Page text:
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Neal Matheson




Location: sussex UK
Joined: 08 Feb 2009
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PostPosted: Thu 19 Sep, 2013 6:03 am    Post subject: Nordic Archery         Reply with quote

I saw this on the Hurstwic site;
"Arrowheads are not commonly found in the graves of warriors, suggesting that bows were not thought of as tools for warriors. Most arrowheads are found at house sites, which might suggest that bows were thought of doemstic tools, used for hunting."
This doesn;t sound right to me. Vikings seem to have made great use of archery and I have seen more than one description of arrowheads in the graves of Nordic warriors. Ideas, thoughts?
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Bjorn Hagstrom




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PostPosted: Thu 19 Sep, 2013 6:28 am    Post subject:         Reply with quote

Archery is mentioned in the Saga's, in some quite famous episodes (The description of the Battle of Svolder, from numerous sources)

Hunting during the viking age (as probably before, and definitely after) has been an activity for the rich and wealthy. It takes time, specialized equipment and manpower. Think hounds, falcons, driving/herding teams and so on.

So it might just be that dumping a sheaf of arrows (that could be argued to be at least semi-expendable) in a tomb or grave comes off as a little cheap compared to a spear, axe or sword?

There is nothing quite as sad as a one man conga-line...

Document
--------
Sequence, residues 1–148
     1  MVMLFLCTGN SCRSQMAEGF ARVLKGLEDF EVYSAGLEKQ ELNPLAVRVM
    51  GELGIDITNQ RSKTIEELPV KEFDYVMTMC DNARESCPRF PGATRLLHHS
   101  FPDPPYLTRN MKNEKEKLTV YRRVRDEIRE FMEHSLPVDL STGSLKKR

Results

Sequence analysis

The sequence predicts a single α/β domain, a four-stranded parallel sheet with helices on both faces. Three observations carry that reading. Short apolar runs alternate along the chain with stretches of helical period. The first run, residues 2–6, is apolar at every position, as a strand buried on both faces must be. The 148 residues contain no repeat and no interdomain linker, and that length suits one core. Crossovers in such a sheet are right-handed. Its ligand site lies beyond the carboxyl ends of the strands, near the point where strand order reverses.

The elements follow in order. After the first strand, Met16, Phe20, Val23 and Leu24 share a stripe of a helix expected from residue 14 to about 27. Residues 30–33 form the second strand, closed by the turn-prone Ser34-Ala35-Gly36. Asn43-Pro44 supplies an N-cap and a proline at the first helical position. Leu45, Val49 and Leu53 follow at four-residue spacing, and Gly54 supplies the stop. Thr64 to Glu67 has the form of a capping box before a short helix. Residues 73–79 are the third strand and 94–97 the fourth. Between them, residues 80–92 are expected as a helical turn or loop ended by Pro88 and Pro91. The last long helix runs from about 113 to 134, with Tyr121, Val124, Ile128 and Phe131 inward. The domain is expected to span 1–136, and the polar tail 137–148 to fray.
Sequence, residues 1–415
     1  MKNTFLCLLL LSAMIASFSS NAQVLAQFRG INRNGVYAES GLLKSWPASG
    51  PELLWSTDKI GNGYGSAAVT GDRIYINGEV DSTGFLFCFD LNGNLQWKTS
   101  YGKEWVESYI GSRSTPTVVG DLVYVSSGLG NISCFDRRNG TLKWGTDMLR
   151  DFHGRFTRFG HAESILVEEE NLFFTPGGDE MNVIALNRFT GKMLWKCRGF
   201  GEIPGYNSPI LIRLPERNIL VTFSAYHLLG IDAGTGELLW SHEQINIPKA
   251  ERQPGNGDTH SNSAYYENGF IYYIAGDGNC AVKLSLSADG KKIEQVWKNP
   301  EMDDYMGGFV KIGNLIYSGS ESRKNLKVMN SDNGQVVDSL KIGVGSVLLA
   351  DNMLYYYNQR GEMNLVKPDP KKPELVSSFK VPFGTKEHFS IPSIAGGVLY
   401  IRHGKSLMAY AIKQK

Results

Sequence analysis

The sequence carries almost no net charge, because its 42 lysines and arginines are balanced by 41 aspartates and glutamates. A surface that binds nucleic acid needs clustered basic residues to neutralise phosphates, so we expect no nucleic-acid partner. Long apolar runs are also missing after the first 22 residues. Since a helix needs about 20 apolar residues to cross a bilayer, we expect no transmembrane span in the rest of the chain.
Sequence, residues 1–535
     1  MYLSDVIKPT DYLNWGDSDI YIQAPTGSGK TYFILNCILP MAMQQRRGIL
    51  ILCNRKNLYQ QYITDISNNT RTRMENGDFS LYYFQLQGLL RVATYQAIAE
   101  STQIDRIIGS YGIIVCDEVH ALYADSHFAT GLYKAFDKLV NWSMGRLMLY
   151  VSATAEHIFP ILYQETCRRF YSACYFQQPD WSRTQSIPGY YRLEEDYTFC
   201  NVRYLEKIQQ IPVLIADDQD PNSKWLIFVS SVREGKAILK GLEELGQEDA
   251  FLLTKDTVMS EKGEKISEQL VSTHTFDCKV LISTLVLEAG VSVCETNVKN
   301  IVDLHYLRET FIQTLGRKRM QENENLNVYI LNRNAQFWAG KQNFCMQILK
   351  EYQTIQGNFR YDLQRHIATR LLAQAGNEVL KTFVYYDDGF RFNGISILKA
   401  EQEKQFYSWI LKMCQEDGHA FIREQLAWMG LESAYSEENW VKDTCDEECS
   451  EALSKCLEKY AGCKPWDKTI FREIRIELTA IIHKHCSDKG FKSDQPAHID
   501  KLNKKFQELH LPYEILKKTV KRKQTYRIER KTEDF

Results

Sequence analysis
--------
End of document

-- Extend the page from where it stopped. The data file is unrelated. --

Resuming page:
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Baard H




Location: Norway
Joined: 13 Mar 2013

Posts: 99

PostPosted: Thu 19 Sep, 2013 9:25 am    Post subject:         Reply with quote

Not to mention that the laws of the Frostating (from about 1000 AD and probably has roots much further back) and the law of Magnus Lagabte (1274 AD) both requires there to be one bow and twenty-four arrows for every other oarsman aboard the warships. With 20-30 bows per ship and a potential of up to 270-300 ships in the fleet, that becomes a lot of archers.
At kveldi skal dag leyfa,
konu, er brennd er,
mki, er reyndr er,
mey, er gefin er,
s, er yfir kemr,
l, er drukkit er.
-Hvaml, vsa 81
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Mikko Kuusirati




Location: Finland
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PostPosted: Thu 19 Sep, 2013 11:41 am    Post subject:         Reply with quote

Bjorn Hagstrom wrote:
Hunting during the viking age (as probably before, and definitely after) has been an activity for the rich and wealthy. It takes time, specialized equipment and manpower. Think hounds, falcons, driving/herding teams and so on.

That really depends on what you mean by "hunting" - a High Medieval hunting party, really a social gathering more akin to a modern sporting event, was an entirely different ballgame from a Norse farmer or three going out to bring in some game to supplement their larder. In the feudal system, hunting was strictly the prerogative of the nobility because the lands and game were owned by the crown (and tended by its vassals), but e.g. in Finland there were entire cultures that subsisted largely on hunting long before and even after the Viking times - and Scandinavia, it must be said, was never all that seriously feudalistic to begin with...